Putting Jerusalem on the cultural map

Four artists participate in local effort to highlight the Holy City as an international destination for art and culture.

Grand Cafe in Jerusalem (photo credit: Courtesy)
Grand Cafe in Jerusalem
(photo credit: Courtesy)
The 2013 season of the American Academy in Jerusalem opened last week with the participation of four leading artists. The four, representing various creative disciplines, will spend 10 weeks in Jerusalem sharing their talents and collaborating with local peers in an effort to encourage cultural interchange between the US and Israel.
The program, established by the New York-based Foundation for Jewish Culture, is described by organizers as part of a larger effort to highlight Jerusalem as a dynamic global destination for art and culture.
The new class of fellows includes documentary filmmaker Susan Korda, multidisciplinary artist Dean Moss, visual artist Dianne Samuels and architect Davidson Norris.
Elise Bernhardt, president and CEO of the FJC, came to Jerusalem for the program’s opening week and noted that the effects of the program last long after the artists return home from Israel.
“This fellowship fosters the development of four extraordinarily talented cultural ambassadors who pursue their work individually in the creative environments of Jerusalem,” she said. “The objective is to enable these fellows to offer a direct contribution that will permanently benefit Jerusalem’s future as a more pluralistic and sustainable city.”
Architect Norris is principal at the New York-based Carpenter Norris Consulting (CNC), which specializes in the use of day-lighting for internal design. His firm was retained by the designers of the newly renovated Israel Museum and was largely responsible for many of the day-lighting aspects of the new facility.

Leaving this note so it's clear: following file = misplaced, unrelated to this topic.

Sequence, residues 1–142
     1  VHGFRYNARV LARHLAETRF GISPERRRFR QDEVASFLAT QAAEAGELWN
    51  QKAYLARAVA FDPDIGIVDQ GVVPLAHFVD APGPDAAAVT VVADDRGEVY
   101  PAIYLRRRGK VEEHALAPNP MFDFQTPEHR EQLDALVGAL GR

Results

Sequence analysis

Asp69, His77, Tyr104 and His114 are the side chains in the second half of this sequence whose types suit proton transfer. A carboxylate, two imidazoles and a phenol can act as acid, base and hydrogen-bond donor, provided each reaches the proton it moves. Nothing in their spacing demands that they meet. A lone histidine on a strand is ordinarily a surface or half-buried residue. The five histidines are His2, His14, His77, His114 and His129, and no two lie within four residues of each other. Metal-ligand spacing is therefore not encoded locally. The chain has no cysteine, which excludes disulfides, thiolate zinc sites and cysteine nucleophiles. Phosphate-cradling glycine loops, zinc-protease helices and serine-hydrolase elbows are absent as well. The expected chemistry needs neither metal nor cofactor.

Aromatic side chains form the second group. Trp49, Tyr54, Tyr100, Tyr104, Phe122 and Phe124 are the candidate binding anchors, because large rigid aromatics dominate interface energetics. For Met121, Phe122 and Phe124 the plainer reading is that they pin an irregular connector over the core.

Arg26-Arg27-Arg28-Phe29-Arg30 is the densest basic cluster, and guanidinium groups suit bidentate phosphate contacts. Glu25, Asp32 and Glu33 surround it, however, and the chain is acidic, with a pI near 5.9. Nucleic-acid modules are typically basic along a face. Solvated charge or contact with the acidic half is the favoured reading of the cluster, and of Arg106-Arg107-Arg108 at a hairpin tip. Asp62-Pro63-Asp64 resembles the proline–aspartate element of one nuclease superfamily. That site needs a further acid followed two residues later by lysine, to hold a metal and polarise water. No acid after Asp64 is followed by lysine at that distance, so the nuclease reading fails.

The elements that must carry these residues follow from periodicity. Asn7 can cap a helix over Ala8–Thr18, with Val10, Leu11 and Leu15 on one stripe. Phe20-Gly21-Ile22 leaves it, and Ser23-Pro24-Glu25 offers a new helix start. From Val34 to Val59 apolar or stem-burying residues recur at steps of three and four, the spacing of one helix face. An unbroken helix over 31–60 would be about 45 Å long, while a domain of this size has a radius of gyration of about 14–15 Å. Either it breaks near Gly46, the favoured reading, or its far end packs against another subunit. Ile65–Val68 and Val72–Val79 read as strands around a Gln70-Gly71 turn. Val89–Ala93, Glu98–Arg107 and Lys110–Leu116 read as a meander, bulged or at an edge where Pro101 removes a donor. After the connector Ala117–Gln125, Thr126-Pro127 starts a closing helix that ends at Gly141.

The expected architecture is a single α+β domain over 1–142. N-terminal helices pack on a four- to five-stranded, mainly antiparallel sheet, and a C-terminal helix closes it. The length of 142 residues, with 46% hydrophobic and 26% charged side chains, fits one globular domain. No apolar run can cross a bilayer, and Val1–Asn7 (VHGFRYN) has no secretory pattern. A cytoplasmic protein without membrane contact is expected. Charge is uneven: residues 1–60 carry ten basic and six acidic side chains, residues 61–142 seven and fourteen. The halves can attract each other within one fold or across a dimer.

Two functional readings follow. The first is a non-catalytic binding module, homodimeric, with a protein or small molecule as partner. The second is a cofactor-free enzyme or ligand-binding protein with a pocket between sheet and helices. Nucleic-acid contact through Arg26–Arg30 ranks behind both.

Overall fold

Despite his role in overseeing the project and developing many of its core elements, he managed the project from afar and this week welcomed the chance to see the results of his work firsthand during an emotional visit to the museum.
Upon entry into the distinctive “Route of Passage” which serves as the entrance to the new exhibits and is defined by his design of glass panels utilizing Jerusalem’s bright sunlight, Norris was clearly pleased with the results.
“What was between my ears in envisioning how this project would look is very much what my eyes are seeing here today,” he said.
Norris, who was chosen as the Roselyne Chroman Swig Architecture Fellow, intends to use his time in Israel to identify 10 sites that distinctly use the city’s exposure to natural light, knowledge which he hopes to incorporate into future design projects.
Filmmaker Korda, who has contributed to numerous award-winning projects, will be exploring the Israeli-Palestinian conflict through various crossroads between the two peoples and will be gathering elements for a documentary film on the topic.
Visual-based artist Samuels will be observing public spaces and conversations with Jerusalemites to develop a creative map of her explorations.
Moss, who has directed and choreographed performances around the world, will explore the spiritual connection between modern-day Jerusalem and the Ethiopian holy city of Lalibela, which is known by many Ethiopians as “New Jerusalem.”
Over the course of the 10- week program, the fellows will interact with local cultural and academic institutions while teaching and mentoring students as well as building working relationships with professional peers.